ACIDS, BASES AND INDICATORS

ACIDS, BASES AND INDICATORS

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ACIDS, BASES AND INDICATORS  

Introduction 

All the elements in nature fall into three classes: metals, non-metals and gases. Non-metals are also sometimes called metalloids.

The compounds formed by combination of the elements can also be classified as organic and inorganic compounds.


Organic compounds are formed from a combination of carbon and hydrogen; they are also sometimes known as hydrocarbons.

In addition to this, all these compounds taste sour, bitter or salty.


The sour tasting substances are known as acids. Bitter tasting compounds are generally soapy to feel also; they are known as bases or alkalis.

What is an acid?

When a substance dissolves in water, the solution may be acidic, neutral or alkaline. An acid is any substance which produces H+ ions or H3O+ ions in water. H+ ions are called hydrogen ions; H3O+ ions are called hydroxonium ions. You will mostly see acids in reactions as forming H+ ions. In reality, H+ is a single proton, and does not exist on its own.

It always attaches to something; in water it joins to H2O to form H3O+ ions. All acids taste sour and are mostly derived from oxides of non-metals dissolved in water.

 

Measure of acidity pH.


PH is a measure of how acidic or how alkaline a solution in water is.

The pH scale goes from 1 to 14, with 1 being very strongly acidic, and 14 being very strongly alkaline.

A pH of 7 is neutral. You can measure the pH of a solution using universal indicator.

Just as litmus paper will be red for an acid and blue for an alkali, so universal indicator is a mixture of indicators which will give different colours for a different pH.

Any acid will have a pH of less than 7. Any alkali will have a pH of more than 7.

A strong acid (HCl or H2SO4 or HNO3 )will have a pH of 1 (red).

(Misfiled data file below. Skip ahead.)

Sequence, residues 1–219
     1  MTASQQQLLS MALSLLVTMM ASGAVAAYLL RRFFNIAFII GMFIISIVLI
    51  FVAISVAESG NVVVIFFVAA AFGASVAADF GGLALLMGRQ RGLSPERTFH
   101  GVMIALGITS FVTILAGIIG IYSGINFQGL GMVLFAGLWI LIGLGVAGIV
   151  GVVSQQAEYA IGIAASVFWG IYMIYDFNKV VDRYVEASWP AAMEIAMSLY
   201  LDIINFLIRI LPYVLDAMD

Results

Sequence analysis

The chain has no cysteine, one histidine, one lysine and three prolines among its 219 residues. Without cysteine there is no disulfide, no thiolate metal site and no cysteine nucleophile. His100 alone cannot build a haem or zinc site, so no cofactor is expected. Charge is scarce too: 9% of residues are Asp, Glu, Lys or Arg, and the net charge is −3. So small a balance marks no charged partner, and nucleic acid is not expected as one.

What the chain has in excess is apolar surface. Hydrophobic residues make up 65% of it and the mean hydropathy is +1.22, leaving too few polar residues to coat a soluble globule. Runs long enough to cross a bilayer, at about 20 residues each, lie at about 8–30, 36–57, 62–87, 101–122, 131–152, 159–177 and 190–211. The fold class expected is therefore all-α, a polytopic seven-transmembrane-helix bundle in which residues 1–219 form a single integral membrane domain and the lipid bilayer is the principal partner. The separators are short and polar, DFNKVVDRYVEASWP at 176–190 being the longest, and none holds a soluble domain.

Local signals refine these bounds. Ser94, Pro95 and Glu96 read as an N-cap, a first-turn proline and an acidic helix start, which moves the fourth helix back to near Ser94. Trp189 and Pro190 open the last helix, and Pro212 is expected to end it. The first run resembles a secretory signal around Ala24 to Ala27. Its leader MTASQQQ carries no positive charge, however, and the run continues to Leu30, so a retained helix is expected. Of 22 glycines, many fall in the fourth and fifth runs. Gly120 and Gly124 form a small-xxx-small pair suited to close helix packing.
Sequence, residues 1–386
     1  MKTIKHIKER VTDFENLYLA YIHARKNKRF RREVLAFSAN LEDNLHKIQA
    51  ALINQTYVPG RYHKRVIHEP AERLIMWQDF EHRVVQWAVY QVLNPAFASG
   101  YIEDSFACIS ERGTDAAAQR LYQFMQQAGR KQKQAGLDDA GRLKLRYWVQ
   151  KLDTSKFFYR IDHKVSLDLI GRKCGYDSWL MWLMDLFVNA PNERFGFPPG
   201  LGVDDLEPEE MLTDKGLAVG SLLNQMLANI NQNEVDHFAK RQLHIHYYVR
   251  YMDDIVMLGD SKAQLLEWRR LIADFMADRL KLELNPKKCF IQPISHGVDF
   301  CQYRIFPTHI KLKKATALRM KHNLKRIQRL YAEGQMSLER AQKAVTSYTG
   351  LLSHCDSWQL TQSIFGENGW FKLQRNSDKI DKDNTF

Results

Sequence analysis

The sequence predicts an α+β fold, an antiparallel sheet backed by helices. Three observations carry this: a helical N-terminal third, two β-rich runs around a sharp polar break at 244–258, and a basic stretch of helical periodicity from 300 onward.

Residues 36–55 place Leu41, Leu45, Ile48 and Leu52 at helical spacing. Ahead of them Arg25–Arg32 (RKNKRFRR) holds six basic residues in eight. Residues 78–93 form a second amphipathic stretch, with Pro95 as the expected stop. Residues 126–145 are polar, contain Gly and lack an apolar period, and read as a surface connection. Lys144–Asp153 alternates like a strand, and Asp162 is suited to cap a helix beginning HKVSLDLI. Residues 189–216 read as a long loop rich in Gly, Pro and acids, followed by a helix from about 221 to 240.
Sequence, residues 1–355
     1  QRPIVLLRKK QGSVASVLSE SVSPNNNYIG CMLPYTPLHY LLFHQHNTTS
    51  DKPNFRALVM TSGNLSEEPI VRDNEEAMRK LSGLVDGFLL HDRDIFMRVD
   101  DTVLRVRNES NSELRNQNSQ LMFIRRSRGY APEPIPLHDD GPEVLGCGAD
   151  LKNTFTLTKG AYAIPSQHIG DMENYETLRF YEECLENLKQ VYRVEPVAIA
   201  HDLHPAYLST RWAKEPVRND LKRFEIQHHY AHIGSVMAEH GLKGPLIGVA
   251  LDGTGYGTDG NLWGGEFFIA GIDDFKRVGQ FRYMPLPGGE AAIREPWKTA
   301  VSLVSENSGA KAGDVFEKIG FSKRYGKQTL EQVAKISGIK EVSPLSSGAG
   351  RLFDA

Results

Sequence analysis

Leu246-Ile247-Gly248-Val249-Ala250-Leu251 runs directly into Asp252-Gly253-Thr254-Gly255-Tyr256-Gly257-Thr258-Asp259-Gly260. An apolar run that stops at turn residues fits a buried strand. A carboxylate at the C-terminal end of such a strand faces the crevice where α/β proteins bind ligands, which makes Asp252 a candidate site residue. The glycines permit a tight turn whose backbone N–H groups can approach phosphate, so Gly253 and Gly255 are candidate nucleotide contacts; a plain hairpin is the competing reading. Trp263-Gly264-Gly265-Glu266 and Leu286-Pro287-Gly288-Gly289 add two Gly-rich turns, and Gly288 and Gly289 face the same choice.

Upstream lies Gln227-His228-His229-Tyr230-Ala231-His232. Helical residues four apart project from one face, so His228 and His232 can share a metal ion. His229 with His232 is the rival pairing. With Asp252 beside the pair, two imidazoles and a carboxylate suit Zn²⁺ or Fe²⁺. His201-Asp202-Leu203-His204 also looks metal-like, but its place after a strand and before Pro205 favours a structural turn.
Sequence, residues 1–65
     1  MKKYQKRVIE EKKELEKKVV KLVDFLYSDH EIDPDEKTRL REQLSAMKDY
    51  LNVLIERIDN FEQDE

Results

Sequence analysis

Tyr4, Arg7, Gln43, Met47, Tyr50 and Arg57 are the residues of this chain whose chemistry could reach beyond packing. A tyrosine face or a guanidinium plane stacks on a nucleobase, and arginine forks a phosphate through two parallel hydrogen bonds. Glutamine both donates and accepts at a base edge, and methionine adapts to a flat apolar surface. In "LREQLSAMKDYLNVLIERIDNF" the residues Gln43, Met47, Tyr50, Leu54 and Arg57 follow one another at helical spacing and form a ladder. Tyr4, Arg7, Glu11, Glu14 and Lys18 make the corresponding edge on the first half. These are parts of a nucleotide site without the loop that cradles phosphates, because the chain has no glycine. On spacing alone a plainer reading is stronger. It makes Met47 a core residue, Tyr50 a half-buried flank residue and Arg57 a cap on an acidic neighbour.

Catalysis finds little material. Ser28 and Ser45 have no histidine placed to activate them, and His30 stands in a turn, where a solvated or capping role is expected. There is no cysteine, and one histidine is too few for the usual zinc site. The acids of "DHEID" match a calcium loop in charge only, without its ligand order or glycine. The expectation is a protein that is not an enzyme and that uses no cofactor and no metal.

A weak acid will have a pH of 3 to 4 (orange). Examples of weak acids are ethanoic acid (vinegar), citric acid (lemon juice) and rain water.

Rain water has a natural pH of 5•5 (see carbonic acid). Water and salts are neutral, pH 7 (green).

A weak alkali (ammonia) will have a pH of 11 to 12 (blue). A strong alkali (Ca(OH)2 or NaOH) will have a pH of 14 (purple).

Examples of Acids.

The three common acids you will find in the laboratory are

1) Hydrochloric acid – HCl(aq)

2) Nitric acid – HNO3(aq)

3) Sulphuric acid – H2SO4(aq)

They are all strong acids – see pH. They all ionise in water to form hydrogen ions (H+ ions).

1) HCl(aq) H+(aq) + Cl-(aq)

2) HNO3(aq) H+(aq) + NO3(aq)

3) H2SO4(aq) H+(aq) + HSO4(aq)

They are all examples of hydrogen compounds with non-metals. Hydrochloric acid is hydrogen chloride (in water).

Nitric acid is hydrogen nitrate (in water). Sulphuric acid is hydrogen sulphate (in water).

Sulphuric acid is made using the contact process. They are called Mineral Acids because they were originally obtained from minerals in rocks.Oxides of non-metals are acidic, such as CO2, NO, SO2.

Hydrogen oxide (H2O) is Water – it is neutral, see Water. Lots of everyday substances contains acids.

Acids are found in:

  • citrus fruits (le mon juice, orange juice)
  • vinegar
  • car batteries (sulphuric acid)
  • your stomach (hydrochloric acid)